Likewise, Teen Vogue Editor-in-Chief Lindsay Peoples Wagner believes the time is right for change in both media and fashion, calling for more active steps in combating racial bias. “I want to see brands, publications, everyone in the industry commit to a long, sustainable change”, Peoples Wagner said on a recent episode of the Digiday Podcast. As many fashion brands were quick to align themselves with the BLM protesters, it appears not everyone is buying it: "plain and simple, I don't think there is the intention behind it to make long-lasting, sustainable change", Wagner said in an email to CNN.

"Everyone can hop onto the BLM movement right now on social media, but what are you doing in your home, in your corporate office, with your connections, with the power you have?"

Similar reactions came in on social media as well, with netizens, including African-Americans, suggesting that the removal of "fictional images" from packages would hardly result in any positive change. "We did it, y’all. Damn. Is this what freedom feels like?" one queried, with others reacting similarly:

"I’m so glad removing aunt Jemima instead of repealing victimless crime laws is helping", another wrote sarcastically.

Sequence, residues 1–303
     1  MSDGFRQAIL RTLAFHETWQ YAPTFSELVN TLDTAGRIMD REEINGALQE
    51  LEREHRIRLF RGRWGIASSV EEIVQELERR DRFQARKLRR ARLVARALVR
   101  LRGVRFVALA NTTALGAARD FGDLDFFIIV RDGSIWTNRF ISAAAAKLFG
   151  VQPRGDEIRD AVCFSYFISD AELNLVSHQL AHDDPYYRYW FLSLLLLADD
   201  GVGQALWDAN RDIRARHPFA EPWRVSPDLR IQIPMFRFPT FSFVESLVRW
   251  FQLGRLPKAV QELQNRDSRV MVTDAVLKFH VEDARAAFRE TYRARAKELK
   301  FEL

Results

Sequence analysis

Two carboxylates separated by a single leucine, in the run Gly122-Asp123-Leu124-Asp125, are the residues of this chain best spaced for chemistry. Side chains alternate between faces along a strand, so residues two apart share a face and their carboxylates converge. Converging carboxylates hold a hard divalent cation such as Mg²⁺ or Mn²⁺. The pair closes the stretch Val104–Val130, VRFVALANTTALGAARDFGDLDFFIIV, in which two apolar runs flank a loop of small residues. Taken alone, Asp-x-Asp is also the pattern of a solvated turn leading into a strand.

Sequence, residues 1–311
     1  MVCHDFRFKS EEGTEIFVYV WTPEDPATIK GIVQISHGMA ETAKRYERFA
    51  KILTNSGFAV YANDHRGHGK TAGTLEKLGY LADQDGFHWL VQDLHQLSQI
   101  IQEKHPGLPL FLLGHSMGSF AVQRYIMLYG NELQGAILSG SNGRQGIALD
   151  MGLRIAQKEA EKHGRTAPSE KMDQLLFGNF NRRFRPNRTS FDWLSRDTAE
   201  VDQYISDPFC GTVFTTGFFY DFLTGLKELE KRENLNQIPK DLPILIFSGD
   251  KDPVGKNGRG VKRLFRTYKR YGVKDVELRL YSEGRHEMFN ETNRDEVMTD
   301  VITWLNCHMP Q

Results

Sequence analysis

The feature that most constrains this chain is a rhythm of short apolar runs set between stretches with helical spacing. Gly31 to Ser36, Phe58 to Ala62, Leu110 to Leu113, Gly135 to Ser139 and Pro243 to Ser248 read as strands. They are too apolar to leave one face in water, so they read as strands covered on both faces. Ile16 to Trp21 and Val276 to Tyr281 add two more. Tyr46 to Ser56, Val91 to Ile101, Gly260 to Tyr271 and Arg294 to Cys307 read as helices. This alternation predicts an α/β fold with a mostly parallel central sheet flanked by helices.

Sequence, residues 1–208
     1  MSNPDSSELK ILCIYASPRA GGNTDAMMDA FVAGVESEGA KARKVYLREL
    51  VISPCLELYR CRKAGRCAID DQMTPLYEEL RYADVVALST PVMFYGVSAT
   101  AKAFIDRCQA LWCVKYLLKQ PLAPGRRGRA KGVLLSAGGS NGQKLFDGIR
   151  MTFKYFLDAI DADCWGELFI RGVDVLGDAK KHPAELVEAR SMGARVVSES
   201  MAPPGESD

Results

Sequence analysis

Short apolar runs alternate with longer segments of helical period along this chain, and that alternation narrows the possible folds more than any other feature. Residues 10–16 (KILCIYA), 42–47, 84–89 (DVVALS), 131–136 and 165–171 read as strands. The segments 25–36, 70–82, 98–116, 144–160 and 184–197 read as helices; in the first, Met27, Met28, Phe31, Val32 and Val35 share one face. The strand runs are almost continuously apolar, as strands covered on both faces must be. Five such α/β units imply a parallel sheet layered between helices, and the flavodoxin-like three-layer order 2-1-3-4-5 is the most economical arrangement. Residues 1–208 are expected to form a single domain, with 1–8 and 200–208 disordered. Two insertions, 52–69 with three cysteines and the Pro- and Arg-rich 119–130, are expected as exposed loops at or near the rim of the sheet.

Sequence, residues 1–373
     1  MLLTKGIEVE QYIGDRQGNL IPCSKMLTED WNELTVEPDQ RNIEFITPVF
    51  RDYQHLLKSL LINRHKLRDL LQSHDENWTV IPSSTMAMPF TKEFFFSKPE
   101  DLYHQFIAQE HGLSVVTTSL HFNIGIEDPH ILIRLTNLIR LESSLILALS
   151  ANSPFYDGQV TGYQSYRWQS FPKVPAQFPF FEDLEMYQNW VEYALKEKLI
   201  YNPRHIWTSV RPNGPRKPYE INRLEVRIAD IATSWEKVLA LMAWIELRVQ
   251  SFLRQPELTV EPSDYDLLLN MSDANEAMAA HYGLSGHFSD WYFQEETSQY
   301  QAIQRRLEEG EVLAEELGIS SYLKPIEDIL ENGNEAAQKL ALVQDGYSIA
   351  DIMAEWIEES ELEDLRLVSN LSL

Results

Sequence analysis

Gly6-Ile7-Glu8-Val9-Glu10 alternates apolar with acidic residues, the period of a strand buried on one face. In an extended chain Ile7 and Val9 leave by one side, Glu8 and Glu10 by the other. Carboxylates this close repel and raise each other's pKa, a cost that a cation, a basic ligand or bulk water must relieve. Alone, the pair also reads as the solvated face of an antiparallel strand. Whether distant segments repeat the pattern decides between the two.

Floyd’s death triggered some changes not only in retail and marketing, but in mass media, with Vogue, for instance, now increasingly welcoming black models on its cover.

Vogue's Response

For instance, in a memo obtained by Page Six in early June, the iconic fashion magazine’s editor-in-chief, Anna Wintour, wrote that the publication hasn’t done enough to “elevate and give space to Black editors, writers, photographers, designers and other creators”, and that she takes full responsibility for images the magazine has published that were “hurtful and intolerant”. Like the responses from so many other major brands, Wintour wrote that Vogue will do better, stressing that she is “listening”.

Around the same time, Oslo-based student Salma Noor posted her own version of a Vogue cover, featuring a caption that read “Being black is not a crime” in support of Black Lives Matter, and has since inspired a whole viral challenge on social media - the #VogueChallenge, with people, including those of colour, tweeting their alternatives for the magazine's cover.

Vogue has on multiple occasions been implicated in racial injustice cases: for instance, many online remembered a photo shoot by Vogue’s former Creative Director Grace Coddington - in her kitchen, there was a sugar bowl shaped like a black maid.

Kneeling Gesture

Meanwhile, sportswear giant Nike, which has earlier been accused of exploiting child labour in its factories in developing countries, is considered to be one of the most active companies in battling racism. For instance, back in 2018, US quarterback Colin Kaepernick became the face of Nike’s 30th anniversary campaign “Just Do It”. It was he who started the kneeling trend, originally to oppose police brutality in the country - a gesture that was copied by protesters, including police and politicians during the nationwide George Floyd rallies in the first half of June.